About 1.4 million Americans reside in nursing homes, and the Center for Disease Control and Prevention projects that the number of people using various long-term care services will increase from 15 million in 2000 to 27 million in 2050. The costs for a private room in a nursing care facility average $7,698 per month—over $92,000 a year—and that's a lot of money changing hands for nursing home care.
If you don't have your finances set up properly ahead of time, you could see your financial resources dwindle quickly. Since no one knows when they might suddenly require long-term care, the best time to start preparing for the possibility is now.
When considering how best to protect your assets from nursing home costs, you must think about how Medicaid eligibility could affect your plans.
The Role of Medicaid
The government-run Medicaid program steps in to cover nursing home costs for low-income individuals, but it is the "payer of last resort." Eligibility is income-based and, by the time your income qualifies you for these benefits, your assets could be depleted. When you've reached that point, you may realize that you've used up your loved ones' inheritances or even be without financial security for yourself if you end up moving out of the nursing home or other facility.
After a Medicaid recipient dies, in a process called "estate recovery," the government attempts to recover the benefits it had paid out for nursing home care from the decedent's estate. Through proper estate planning, you can minimize the effects of this process on your loved one's inheritances.
When considering how best to protect your assets from Medicaid costs, you must understand its "look-back" provisions, which allow the government to examine asset transfers for a period of five years before the Medicaid application. If a transfer was not exempt, you may become ineligible for Medicaid for a penalty period.
Still, there are some ways you may be able to protect your assets from nursing home costs. That said, here are some of the most common methods:
Gift Money Away
Some assets are exempt, which means you can transfer them to others as gifts for little or no compensation without penalty—namely, household goods, personal effects, certain prepaid funeral expenses, and income-producing property, and in some cases, your home and retirement accounts.
Note that, with gifts, there may be gift tax ramifications.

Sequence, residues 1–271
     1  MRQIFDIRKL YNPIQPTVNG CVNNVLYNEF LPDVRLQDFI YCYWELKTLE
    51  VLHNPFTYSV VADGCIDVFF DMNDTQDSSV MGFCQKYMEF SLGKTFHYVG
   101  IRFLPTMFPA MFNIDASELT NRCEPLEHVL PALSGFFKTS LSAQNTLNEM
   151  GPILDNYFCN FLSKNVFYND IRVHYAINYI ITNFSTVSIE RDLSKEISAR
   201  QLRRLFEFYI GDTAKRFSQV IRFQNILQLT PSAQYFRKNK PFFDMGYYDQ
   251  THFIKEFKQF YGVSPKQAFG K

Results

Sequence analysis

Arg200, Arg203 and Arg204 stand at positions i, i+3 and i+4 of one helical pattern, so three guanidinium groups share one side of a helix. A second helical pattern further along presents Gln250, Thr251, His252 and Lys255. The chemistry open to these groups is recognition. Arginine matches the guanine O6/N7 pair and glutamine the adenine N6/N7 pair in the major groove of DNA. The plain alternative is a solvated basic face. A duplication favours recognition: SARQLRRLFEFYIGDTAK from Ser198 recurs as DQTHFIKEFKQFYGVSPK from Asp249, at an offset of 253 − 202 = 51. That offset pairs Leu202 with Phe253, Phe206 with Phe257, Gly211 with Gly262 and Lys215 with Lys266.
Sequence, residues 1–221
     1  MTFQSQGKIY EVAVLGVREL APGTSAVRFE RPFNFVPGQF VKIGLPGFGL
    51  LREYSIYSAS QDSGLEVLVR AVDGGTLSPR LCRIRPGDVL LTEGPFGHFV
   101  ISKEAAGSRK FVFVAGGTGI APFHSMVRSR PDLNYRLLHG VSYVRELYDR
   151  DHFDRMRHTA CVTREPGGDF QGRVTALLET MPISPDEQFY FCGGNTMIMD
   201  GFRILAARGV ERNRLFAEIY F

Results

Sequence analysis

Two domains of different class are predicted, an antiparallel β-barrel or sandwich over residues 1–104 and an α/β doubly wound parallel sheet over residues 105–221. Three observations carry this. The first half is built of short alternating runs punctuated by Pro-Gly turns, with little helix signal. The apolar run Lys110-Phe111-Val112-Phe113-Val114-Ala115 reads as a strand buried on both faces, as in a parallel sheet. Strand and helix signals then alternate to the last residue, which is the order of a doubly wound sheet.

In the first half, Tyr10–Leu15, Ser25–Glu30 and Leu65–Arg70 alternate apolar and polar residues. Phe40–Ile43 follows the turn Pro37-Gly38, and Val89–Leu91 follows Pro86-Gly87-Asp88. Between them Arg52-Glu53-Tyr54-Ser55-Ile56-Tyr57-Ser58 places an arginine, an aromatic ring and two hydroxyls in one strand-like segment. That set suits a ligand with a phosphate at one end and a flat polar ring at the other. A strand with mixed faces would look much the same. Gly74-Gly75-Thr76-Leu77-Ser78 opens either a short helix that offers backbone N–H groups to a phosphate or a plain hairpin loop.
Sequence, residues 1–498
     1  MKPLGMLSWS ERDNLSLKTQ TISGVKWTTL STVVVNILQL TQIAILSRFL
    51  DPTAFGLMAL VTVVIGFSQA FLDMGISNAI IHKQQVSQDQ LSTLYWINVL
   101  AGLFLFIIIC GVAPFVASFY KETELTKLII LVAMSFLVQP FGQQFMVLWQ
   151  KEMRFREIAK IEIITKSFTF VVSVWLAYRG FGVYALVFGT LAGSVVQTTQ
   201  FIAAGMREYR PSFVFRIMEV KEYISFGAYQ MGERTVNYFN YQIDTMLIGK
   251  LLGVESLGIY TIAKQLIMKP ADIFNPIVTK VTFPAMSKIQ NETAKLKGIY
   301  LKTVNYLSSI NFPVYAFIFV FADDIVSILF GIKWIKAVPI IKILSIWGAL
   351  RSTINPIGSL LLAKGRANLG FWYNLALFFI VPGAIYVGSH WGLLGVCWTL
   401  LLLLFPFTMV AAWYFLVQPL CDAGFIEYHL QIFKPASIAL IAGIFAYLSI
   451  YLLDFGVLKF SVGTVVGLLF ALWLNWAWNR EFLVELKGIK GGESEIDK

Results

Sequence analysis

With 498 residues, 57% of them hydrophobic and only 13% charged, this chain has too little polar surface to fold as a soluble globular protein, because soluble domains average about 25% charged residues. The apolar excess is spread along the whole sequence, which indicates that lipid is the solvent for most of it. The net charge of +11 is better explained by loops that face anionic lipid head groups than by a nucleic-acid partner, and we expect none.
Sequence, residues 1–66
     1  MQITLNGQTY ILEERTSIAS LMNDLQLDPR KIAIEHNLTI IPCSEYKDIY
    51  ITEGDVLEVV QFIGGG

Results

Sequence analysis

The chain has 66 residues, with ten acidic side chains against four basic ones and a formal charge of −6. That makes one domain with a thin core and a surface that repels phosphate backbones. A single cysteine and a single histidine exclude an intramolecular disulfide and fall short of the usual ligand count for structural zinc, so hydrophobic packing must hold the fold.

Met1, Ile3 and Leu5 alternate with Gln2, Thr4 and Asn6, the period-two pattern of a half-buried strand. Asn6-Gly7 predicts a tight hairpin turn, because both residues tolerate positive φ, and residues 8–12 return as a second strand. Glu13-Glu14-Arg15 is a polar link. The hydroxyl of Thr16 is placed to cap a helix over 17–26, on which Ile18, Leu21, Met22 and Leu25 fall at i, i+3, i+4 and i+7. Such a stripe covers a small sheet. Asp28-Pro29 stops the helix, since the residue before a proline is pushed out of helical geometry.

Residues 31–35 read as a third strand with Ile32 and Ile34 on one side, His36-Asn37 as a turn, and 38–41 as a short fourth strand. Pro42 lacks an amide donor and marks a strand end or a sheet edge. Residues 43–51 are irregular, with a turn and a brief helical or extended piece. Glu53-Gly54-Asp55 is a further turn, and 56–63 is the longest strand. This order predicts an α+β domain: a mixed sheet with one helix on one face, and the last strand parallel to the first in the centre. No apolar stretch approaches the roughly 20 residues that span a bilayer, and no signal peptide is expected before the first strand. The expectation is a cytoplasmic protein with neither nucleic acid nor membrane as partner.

Establish Irrevocable Trusts
An irrevocable trust allows you to avoid giving away or spending your assets in order to qualify for Medicaid. Assets placed in an irrevocable trust are no longer legally yours, and you must name an independent trustee. You may choose to designate that the trust assets to pass to your spouse and/or other loved ones after your death. You cannot control the trust's principal, although you may use the assets in the trust during your lifetime.
If the family home is an asset in the irrevocable trust and is sold while the Medicaid recipient is alive and in a nursing home, the proceeds will not count as a resource toward Medicaid eligibility.
When created for the purpose of protecting assets from being used for nursing home or other long-term care costs, the term "Medicaid trust" may be used to describe this type of irrevocable trust.
Compare this with a revocable (or living) trust, which offers no asset protection for Medicaid purposes, because the government considers the assets in a revocable trust to still be your property.
A big caveat here is that even an irrevocable trust is subject to the Medicaid five-year look-back period.
Form a Life Estate
With your family home, you may choose to create a life estate so that you keep the right to live in the home until your death as a "life tenant." At your death, the property transfers to your chosen loved one. Through a life estate, you remain in control of the property until your death, at which point the person or people with the "remainder interest" take possession.
Again, however, this type of transfer is subject to the Medicaid five-year look-back period, and often even more concerning is that if the property is sold while the Medicaid recipient is still alive, the proceeds of the sale count toward Medicaid eligibility requirements.
An overall reminder: With all property transfers, you should also keep an eye on any and all potential tax consequences, including those related to gift, estate, and capital gains taxes.
While shielding all your assets from paying for nursing home costs probably won't be possible, you can protect at least some of your property through smart estate planning now. One of the biggest challenges related to long-term care needs is that you rarely get to know in advance what services you—or a loved one—will require, or for how long you'll need to fund them. Because the Medicaid five-year look-back period can put a rather large kink in your plans, the sooner you start planning, the better.